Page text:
Informants were simply the tail end of a vast surveillance network, and untangling it is a new challenge to the Transitional Justice Commission
By Chen Yu-fu and Kayleigh Madjar / Staff reporter, with staff writer
Holding Martial Law-era informants accountable is the next challenge for transitional justice, and requires careful investigation and reflection to avoid a “witch hunt” on one extreme and “whitewashing” on the other, the Transitional Justice Commission said yesterday.
The topic has resurfaced following a report by the Liberty Times (sister newspaper of the Taipei Times) on Saturday revealing that Democratic Progressive Party (DPP) Legislator Huang Kuo-shu (黃國書) had served as an informant for the authoritarian Chinese Nationalist Party (KMT) government while he was a student in the 1980s.
Huang yesterday admitted to being an informant and said he would resign from the DPP when his term ends, vowing not to seek re-election.
The commission said Huang’s case was the inevitable result of a highly systematized surveillance system perfected over decades of martial law.
An informant is merely the tail end of this extensive surveillance apparatus, it said, adding that identifying individuals and holding them accountable would require a sounder legal basis.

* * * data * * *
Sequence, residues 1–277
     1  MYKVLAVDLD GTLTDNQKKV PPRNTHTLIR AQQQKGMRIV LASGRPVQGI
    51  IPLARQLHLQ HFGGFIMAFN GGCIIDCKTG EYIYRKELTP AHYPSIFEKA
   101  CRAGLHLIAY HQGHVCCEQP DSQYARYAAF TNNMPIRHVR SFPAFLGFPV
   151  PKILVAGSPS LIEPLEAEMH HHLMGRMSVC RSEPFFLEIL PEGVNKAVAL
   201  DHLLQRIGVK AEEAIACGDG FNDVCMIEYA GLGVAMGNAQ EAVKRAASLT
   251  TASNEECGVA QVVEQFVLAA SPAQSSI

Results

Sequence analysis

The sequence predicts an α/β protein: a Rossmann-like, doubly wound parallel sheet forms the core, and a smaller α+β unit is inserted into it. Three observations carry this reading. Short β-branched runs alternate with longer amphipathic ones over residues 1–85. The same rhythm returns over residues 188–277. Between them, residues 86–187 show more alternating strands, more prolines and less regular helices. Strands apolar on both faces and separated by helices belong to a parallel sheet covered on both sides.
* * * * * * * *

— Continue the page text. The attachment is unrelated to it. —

Unearthing and using surveillance files are the newest challenge to transitional justice, the commission said.
Apart from striking the right balance between privacy and seeking the truth, comparing subjective comments from informants with files and witness testimony is a lengthy and complicated process, it added.
Through this process, “we can deepen our understanding of and reflect on this system,” the commission said, adding that a discussion can thereafter begin on responsibility.
“This is a serious democratic undertaking,” it said. “If we are not careful, it could become a witch hunt or whitewash the situation.”
Surveillance by the KMT government was still widespread during the final years of martial law, the commission said in a report in April last year.
More than 30,000 informants were groomed by intelligence agencies during the 1980s, casting an extensive net of surveillance throughout society, National Taiwan University researchers found.
A Ministry of Justice Investigation Bureau handbook from 1981 stated that the goal of the informant program was to “obtain comprehensive information on security and criminal activity in society,” they found.
Depending on the population and conditions in each region, one informant was groomed for every 500, 600 or 700 people, for a total of about 30,000 nationwide, the report said.
About 40 percent were in local administrative offices, while the remaining 60 percent were “evenly distributed throughout societal organizations at all levels,” it said.
All instruction was given top-down and contact was made at least once per month for average informants, who were not regularly compensated, the researchers found.
Internal or undercover informants were paid NT$1,000 to NT$20,000 per month and were in constant contact with their handlers, they added.
Universities were a focus for surveillance, with about 1,000 informants stationed on campuses across Taiwan, the report said, adding that student groups, religious organizations, opposition magazines and overseas academics were also of primary interest.
Officers targeted people who had expressed anti-government views, but not to an extent requiring suppression, to control them and minimize threats, the report said.
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